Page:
On Paying a Preacher


By Wayne S. Walker 

     One of the reasons I preach the gospel is not because it is financially rewarding.  At least it was not for the apostle Paul (1 Cor. 4:9-13).  Now there are passages which teach that the preacher is to be supported for his work (2 Cor. 11:8; Phil. 4:16; 1 Tim. 5:18).  Today preachers are generally desired with a reasonable education as though they were being chosen like a doctor or lawyer.  It is not necessarily a matter of the amount of formal education, but of being intellectually qualified for the work of preaching—the ability to study, speak, and deal with people.  Again, preachers are usually considered as being on call twenty-four hours a day like doctors and lawyers—at least like doctors and lawyers used to be.  Preachers are also expected to be able to take charge and get things done like an executive of a company.

     It seems to me that since people want these qualities in a preacher, they would be more than willing to pay him like any other professional or executive.  But unfortunately, it “ain’t” so.  A preacher friend of mine once said jokingly that he was glad his pay was so low because he certainly did not want the brethren to think preaching is as important as being a plumber!  But seriously, although I do not want to encourage or seem to encourage  “professionalism” in the pulpit, still if men of ability in secular jobs are handsomely rewarded for their abilities and work, such should be true of preachers also, most of whom have left or declined to enter lucrative professions in order to preach.  However, I realize that such is not always the case.  There are a few stingy brethren who have enough influence to see that the preacher gets just as little as possible, and then begrudge him even that.  This is the way things are sometimes.

     Let it be understood that neither I nor any other gospel preacher who is worthy of that designation is preaching for money.  If being materially rich were our goal, we could certainly find less demanding jobs with more prestige and better pay.  In fact, with their backgrounds, most preachers could probably walk into any factory that is hiring and get as job paying more money than they make as preachers, at least when the economy was better.  But I do not want that.  I want to preach the gospel.  Because others have chosen to do likewise, a few brethren seem to think that they should have to suffer more than the “average” Christian.  Nowhere do the scriptures hint at such a concept.  However, the fact is that practically every preacher is willing to do without some, even many, of the things that most people could not visualize living without in order to do that which he loves best and desires most—preaching the gospel.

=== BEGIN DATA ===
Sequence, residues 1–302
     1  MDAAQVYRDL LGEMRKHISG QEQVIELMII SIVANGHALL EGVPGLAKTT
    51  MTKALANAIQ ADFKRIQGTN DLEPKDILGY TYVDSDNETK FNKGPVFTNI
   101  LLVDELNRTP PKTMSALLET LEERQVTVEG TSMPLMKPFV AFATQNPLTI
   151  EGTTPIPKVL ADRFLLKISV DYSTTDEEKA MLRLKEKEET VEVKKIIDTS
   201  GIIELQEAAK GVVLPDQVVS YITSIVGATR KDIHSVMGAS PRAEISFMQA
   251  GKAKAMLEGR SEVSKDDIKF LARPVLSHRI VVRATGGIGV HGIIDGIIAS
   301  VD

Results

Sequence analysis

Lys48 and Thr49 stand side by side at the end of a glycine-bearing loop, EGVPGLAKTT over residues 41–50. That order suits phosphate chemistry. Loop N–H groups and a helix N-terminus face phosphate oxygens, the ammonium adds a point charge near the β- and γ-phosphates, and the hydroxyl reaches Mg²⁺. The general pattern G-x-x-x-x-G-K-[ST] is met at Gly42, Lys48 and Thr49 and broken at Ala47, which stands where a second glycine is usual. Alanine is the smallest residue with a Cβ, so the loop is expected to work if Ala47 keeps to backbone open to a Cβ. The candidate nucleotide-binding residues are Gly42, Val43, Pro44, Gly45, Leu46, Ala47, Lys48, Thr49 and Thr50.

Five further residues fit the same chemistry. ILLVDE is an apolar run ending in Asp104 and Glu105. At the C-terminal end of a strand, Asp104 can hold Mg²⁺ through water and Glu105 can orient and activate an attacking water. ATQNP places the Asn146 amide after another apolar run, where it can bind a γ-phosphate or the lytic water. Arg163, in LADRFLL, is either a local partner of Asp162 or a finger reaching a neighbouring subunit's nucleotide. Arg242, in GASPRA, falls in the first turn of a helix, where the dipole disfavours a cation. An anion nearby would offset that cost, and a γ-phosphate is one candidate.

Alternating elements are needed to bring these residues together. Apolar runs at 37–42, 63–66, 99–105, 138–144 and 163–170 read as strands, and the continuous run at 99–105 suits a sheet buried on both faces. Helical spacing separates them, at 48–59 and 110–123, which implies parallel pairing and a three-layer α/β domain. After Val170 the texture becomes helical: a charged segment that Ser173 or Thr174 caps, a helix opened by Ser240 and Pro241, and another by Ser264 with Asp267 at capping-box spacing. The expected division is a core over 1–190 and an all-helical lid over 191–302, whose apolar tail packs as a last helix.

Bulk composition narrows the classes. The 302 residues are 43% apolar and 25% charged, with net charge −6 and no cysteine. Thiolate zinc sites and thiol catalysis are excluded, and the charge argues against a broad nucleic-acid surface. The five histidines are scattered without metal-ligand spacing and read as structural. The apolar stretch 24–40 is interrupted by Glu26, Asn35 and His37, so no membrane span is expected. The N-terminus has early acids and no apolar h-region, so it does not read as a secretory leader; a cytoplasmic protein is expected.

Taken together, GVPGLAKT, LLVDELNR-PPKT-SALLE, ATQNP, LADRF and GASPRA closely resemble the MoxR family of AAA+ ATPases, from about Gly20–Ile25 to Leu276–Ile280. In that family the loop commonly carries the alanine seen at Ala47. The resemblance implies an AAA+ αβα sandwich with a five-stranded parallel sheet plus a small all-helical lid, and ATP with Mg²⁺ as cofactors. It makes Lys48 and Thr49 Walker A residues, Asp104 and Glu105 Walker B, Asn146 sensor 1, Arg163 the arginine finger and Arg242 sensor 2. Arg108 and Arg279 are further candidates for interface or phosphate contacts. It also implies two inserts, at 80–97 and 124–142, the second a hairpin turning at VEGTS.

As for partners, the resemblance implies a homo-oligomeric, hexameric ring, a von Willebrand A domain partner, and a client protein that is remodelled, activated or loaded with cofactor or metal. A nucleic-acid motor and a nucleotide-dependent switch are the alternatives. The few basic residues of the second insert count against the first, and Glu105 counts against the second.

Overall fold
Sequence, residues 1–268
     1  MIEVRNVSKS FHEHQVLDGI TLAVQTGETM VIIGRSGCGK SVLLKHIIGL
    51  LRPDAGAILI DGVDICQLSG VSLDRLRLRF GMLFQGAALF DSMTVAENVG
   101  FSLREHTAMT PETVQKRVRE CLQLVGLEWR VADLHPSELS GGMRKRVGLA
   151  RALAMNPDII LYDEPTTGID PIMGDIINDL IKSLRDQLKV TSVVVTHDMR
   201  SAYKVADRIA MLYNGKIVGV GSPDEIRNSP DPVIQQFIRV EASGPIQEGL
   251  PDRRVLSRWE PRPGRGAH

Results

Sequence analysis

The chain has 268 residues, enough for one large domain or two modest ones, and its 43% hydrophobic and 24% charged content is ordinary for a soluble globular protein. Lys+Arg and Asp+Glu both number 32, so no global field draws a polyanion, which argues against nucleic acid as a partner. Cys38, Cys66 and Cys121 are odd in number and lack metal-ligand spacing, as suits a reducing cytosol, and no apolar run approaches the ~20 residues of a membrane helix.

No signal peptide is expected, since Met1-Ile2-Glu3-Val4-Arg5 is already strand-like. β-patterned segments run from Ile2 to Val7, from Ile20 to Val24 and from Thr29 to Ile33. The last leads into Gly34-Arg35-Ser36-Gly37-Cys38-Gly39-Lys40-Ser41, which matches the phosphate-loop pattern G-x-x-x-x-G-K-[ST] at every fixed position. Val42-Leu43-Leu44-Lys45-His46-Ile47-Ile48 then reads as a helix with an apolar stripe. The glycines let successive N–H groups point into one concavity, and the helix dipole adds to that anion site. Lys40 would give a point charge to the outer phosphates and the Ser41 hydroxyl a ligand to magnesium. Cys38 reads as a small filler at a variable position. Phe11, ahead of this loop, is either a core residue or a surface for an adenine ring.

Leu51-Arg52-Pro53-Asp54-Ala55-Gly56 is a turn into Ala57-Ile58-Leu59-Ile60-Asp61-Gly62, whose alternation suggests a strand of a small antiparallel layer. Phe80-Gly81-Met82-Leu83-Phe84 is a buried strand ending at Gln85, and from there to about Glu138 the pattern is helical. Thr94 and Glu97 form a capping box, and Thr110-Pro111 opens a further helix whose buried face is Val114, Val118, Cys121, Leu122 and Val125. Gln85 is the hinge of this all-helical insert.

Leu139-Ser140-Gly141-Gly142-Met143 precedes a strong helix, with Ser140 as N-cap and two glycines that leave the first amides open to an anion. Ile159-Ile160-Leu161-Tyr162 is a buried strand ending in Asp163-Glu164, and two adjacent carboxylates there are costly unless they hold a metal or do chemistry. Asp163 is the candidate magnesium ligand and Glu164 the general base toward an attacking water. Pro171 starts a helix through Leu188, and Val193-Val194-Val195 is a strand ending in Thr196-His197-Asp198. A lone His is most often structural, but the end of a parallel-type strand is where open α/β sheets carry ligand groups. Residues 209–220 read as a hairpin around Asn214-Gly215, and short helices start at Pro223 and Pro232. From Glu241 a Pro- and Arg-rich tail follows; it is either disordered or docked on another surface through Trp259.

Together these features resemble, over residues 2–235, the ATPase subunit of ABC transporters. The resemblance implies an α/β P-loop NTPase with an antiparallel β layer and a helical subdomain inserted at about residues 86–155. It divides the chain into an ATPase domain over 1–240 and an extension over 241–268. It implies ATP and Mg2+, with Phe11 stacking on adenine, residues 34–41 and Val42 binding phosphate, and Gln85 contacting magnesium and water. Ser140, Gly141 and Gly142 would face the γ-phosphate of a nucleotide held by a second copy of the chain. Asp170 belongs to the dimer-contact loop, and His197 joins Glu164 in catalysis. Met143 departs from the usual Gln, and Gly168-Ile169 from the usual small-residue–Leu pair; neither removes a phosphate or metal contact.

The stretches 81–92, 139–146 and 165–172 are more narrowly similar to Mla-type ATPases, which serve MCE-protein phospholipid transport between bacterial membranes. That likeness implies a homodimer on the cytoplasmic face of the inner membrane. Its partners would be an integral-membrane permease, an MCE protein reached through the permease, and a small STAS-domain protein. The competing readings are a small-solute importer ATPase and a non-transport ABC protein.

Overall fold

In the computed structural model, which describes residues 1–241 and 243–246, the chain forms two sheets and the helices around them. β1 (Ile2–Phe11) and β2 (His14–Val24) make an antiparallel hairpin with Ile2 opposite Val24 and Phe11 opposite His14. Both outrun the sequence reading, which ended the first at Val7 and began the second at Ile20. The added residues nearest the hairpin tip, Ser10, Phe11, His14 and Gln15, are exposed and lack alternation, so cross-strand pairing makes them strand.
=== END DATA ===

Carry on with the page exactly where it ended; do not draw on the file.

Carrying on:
Let this not be misunderstood as the whining of a disenchanted preacher, for I have been treated exceptionally well in the time I have been preaching, and I have nothing about which to complain.  Nor let this be construed as an indictment against all, or even a majority of, the brethren.  Most Christians I have come in contact with are royal in their attitude toward preachers.  But let this be a reminder that making known the glad tidings—and that does not mean just “being a preacher”—is absolutely the most important work in the world.  A man who gives his full time to such a pursuit should be well supported for his work.  Read Romans 10:13-17 and 1 Corinthians 9:1-23 to see that this is true.

     –taken and slightly updated from Torch; May, 1976; Vol. X, No. 5; pp. 14-15


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